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The Water Project: Makhele Spring Catchment Project -
The Water Project: Makhele Spring Catchment Project -
The Water Project: Makhele Spring Catchment Project -
The Water Project: Makhele Spring Catchment Project -
The Water Project: Makhele Spring Catchment Project -
The Water Project: Makhele Spring Catchment Project -
The Water Project: Makhele Spring Catchment Project -
The Water Project: Makhele Spring Catchment Project -
The Water Project: Makhele Spring Catchment Project -
The Water Project: Makhele Spring Catchment Project -
The Water Project: Makhele Spring Catchment Project -
The Water Project: Makhele Spring Catchment Project -
The Water Project: Makhele Spring Catchment Project -
The Water Project: Makhele Spring Catchment Project -
The Water Project: Makhele Spring Catchment Project -
The Water Project: Makhele Spring Catchment Project -
The Water Project: Makhele Spring Catchment Project -
The Water Project: Makhele Spring Catchment Project -
The Water Project: Makhele Spring Catchment Project -

Project Status



Project Type:  Protected Spring

Program: IcFEM Water Projects

Impact: 500 Served

Project Phase: 
Community Managed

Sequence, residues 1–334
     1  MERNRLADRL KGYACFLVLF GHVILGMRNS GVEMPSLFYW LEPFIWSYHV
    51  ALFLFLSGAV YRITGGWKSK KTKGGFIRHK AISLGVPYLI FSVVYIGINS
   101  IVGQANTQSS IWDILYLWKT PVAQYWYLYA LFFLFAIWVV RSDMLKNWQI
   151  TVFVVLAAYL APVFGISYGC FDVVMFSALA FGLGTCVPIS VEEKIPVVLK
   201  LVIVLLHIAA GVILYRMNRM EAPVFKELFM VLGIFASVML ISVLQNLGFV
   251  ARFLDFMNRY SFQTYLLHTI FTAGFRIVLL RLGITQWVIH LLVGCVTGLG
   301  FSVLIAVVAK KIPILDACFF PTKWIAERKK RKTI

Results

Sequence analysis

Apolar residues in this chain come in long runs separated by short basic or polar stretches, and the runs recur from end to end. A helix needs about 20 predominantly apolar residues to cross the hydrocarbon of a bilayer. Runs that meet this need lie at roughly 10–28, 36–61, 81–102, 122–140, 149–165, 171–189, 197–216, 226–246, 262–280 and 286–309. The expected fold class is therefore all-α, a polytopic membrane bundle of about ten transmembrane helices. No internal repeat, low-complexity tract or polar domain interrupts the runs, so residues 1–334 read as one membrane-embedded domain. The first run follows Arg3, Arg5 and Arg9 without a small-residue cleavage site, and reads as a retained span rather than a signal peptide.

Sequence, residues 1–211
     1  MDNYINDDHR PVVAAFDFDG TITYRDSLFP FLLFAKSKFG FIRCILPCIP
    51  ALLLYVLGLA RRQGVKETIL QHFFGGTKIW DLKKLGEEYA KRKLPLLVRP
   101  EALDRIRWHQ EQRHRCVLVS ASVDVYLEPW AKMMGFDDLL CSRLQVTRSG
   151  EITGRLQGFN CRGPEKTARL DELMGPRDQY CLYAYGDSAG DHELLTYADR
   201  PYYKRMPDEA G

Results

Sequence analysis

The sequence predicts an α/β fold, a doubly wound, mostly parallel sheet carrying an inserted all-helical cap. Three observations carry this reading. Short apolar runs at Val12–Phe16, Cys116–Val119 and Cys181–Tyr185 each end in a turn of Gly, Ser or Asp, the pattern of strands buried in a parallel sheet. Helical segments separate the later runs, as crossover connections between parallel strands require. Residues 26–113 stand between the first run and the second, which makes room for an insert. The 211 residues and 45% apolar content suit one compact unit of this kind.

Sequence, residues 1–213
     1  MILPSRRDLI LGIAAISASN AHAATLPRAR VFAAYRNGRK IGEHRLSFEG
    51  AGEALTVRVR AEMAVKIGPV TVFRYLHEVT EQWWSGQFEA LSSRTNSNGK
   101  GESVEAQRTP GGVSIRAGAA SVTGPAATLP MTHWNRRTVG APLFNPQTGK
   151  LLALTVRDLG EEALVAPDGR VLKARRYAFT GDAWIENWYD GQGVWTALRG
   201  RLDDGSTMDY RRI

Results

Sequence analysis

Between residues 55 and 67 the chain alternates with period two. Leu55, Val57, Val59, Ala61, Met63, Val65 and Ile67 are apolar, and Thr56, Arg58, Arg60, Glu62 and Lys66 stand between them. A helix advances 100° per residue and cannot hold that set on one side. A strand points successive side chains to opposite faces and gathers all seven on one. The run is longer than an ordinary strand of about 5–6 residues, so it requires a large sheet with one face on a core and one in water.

Implementing Partner Monitoring Data Unavailable
Initial Installation: Oct 2013

Project Features


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Community Profile

This project is part of IcFEM’s WaSH program, which includes multiple water source schemes as well as substantial community level hygiene promotion, and training on project operation and maintenance. 

What follows is a brief project outline direct from our partner: 

The spring is found in Mlimani village of Sirakaru sub-location, Kabuyefwe Location in Bungoma County. Residents in this area are farmers mainly growing maize, beans and vegetables.

Though the area is well endowed with more than enough rainfall, the people in this region suffer from a perennial water problem. Due to high poverty levels, the locals are unable to tap into the heavy downpour because it requires them to invest in gutters for their houses. 

As such, many people depend on springs and seasonal rivers. Makhele spring is one such spring supplying water to an expansive area across 5 villages. The spring has never been protected and the residents draw the not-so-clean water from the ground making them prone to water borne diseases. The spring’s protection will be a huge relief and a worthy intervention to safeguard life.

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Project Photos


Project Type

Protected Spring

In many communities, natural springs exist as water flows from cracks in rocky ground or the side of a hill.  Springs provide reliable water but that doesn’t mean safe. When left open they become contaminated by surface contamination, animal and human waste and rain runoff. The solution is to protect the source. First, you excavate around the exact source area of the spring. Then, you build a protective reservoir for water flow, which pours through a reinforced pipe in a concrete headwall to a paved collection area. Safe water typically flows year-round and there is very limited ongoing maintenance needed!